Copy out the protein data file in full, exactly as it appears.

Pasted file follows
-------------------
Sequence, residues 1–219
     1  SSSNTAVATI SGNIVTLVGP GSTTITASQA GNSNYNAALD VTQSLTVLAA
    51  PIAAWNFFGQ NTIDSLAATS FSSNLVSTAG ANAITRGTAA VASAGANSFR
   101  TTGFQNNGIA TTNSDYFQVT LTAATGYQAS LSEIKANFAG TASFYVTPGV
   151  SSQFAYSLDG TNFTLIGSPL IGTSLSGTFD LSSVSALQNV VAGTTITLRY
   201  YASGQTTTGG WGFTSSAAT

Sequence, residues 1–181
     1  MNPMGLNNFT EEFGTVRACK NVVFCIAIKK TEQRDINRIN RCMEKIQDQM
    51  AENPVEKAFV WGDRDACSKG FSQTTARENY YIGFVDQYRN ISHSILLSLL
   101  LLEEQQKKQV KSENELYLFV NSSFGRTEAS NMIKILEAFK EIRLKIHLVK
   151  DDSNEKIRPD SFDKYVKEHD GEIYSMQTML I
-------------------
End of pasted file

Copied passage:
Sequence, residues 1–219
     1  SSSNTAVATI SGNIVTLVGP GSTTITASQA GNSNYNAALD VTQSLTVLAA
    51  PIAAWNFFGQ NTIDSLAATS FSSNLVSTAG ANAITRGTAA VASAGANSFR
   101  TTGFQNNGIA TTNSDYFQVT LTAATGYQAS LSEIKANFAG TASFYVTPGV
   151  SSQFAYSLDG TNFTLIGSPL IGTSLSGTFD LSSVSALQNV VAGTTITLRY
   201  YASGQTTTGG WGFTSSAAT

Sequence, residues 1–181
     1  MNPMGLNNFT EEFGTVRACK NVVFCIAIKK TEQRDINRIN RCMEKIQDQM
    51  AENPVEKAFV WGDRDACSKG FSQTTARENY YIGFVDQYRN ISHSILLSLL
   101  LLEEQQKKQV KSENELYLFV NSSFGRTEAS NMIKILEAFK EIRLKIHLVK
   151  DDSNEKIRPD SFDKYVKEHD GEIYSMQTML I